Saturday, February 04, 2017

American Knowledge of Grafeneck in 1940

Author: Jonathan Harrison
Back in 2009, I posted this New York Times article from 1999, which had explained how Vice Consul Paul H. Dutko in Leipzig had cabled the the American Embassy in Berlin and the State Department in Washington about killings in Grafeneck. The NYT article also cited a "Feb. 23, 1940, memorandum to Secretary of State Cordell Hull from Assistant Secretary Adolf A. Berle Jr." noting "reports from the embassy in Berlin that Jews were being sent to ''unnamed concentration camps'' in Poland." Below I post a highly relevant document, casting light on these matters, which I have scanned from the NARA collection, Records of the Intergovernmental Committee on Refugees, 1938-1947, which is available to me here via the Gale Digital Collections resource, Archives Unbound.

On March 27, 1940, the US Consul in Stuttgart, Samuel W. Honaker, sent report no. 347 to Donald R. Heath, the First Secretary at the U.S. Embassy in Berlin. This concerned the alleged transfer of mental patients from an asylum in Rottweil to concentration camps where they were allegedly being subjected to experiments with poisoned gas. When this is checked against other sources, the allegation is true to the extent that 45 persons were transferred from Das Vinzenz von Paul-Hospital in Rottweil (a location also known as Rottenmünster due to its religious origins as the Zisterzienserinnenkloster Rottenmünster) on February 3, 1940, to Grafeneck. On July 2, in his report no. 353, Honaker passed on far more detailed information about Grafeneck from "a source believed to be thoroughly reliable." These details are pasted below.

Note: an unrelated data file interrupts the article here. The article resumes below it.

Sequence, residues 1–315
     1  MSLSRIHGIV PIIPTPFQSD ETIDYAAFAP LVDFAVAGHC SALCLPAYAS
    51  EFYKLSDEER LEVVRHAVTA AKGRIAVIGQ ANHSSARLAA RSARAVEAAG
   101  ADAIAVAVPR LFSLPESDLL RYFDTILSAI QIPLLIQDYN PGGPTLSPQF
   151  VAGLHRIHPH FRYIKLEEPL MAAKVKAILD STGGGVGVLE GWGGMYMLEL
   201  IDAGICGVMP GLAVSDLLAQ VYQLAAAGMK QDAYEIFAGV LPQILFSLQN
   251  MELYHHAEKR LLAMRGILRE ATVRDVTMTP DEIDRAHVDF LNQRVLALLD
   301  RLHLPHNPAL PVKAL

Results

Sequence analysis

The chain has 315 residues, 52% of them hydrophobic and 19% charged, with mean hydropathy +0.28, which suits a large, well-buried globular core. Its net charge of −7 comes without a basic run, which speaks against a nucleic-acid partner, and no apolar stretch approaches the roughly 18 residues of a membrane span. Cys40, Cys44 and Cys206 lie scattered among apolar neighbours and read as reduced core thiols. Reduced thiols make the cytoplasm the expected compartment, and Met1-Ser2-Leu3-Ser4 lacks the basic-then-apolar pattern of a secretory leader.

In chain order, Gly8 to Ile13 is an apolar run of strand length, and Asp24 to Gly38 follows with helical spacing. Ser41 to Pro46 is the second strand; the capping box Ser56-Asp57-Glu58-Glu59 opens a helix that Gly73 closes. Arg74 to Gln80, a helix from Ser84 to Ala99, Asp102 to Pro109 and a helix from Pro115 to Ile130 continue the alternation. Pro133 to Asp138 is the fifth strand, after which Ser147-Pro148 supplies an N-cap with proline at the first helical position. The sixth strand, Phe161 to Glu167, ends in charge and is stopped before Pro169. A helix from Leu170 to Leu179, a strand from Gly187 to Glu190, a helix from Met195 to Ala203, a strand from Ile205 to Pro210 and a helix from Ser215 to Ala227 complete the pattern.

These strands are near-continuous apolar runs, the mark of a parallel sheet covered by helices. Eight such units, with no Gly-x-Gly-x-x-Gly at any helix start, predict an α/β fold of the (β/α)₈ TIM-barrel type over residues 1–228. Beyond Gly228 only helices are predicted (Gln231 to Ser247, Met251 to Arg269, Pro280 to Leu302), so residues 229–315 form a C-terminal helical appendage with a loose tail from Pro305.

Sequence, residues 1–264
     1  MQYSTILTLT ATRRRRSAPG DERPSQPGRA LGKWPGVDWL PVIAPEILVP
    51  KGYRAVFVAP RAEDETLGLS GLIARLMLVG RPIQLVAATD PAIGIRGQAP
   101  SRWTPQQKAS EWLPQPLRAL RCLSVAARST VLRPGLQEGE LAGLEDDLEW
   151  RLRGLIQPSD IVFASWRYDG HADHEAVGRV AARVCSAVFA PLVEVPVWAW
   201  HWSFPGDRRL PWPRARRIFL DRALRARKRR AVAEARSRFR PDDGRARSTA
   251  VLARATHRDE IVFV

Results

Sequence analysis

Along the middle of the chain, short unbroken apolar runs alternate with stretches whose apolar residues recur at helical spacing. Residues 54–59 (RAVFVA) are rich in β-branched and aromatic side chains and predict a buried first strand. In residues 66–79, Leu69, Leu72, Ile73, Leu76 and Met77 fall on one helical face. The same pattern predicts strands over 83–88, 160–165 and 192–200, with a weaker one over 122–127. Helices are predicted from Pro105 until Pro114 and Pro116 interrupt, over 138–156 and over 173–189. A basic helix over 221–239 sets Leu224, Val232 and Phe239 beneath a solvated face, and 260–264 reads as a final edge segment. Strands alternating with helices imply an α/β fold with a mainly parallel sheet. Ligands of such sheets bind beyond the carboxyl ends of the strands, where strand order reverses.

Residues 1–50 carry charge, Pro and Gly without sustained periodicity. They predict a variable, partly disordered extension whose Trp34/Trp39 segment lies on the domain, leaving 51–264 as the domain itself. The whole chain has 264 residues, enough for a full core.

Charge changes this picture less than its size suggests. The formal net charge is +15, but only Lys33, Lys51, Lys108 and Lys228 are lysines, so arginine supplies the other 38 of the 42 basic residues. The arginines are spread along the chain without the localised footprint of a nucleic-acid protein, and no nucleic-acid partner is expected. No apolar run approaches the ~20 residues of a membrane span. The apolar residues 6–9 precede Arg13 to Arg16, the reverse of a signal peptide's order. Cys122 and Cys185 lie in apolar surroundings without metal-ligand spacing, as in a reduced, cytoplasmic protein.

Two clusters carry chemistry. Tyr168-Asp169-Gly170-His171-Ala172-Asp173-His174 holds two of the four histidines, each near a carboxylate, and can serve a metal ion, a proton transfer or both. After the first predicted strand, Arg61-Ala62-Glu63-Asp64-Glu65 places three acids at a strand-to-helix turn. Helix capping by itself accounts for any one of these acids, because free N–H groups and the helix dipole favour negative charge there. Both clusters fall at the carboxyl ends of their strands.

Figure 1: Dispatches. N.d. Records of the Intergovernmental Committee on Refugees, 1938-1947, pp.146-148. U.S. National Archives. Archives Unbound. Web. 4 Feb. 2017.
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Conclusion: It appears that the US Embassy was receiving reports from at least two sources: Dutko in Leipzig and Honaker in Stuttgart. Honaker appears to have been the first who had someone on the inside who was able to confirm that the victims were being sent to Grafeneck, not to concentration camps. Dutko, by contrast, was drawing inferences from the dubious death notices in local newspapers. Moreover, Dutko's cable cited by the NYT was dated October 16, 1940, almost seven months after Honaker's first report and three months after his second. 

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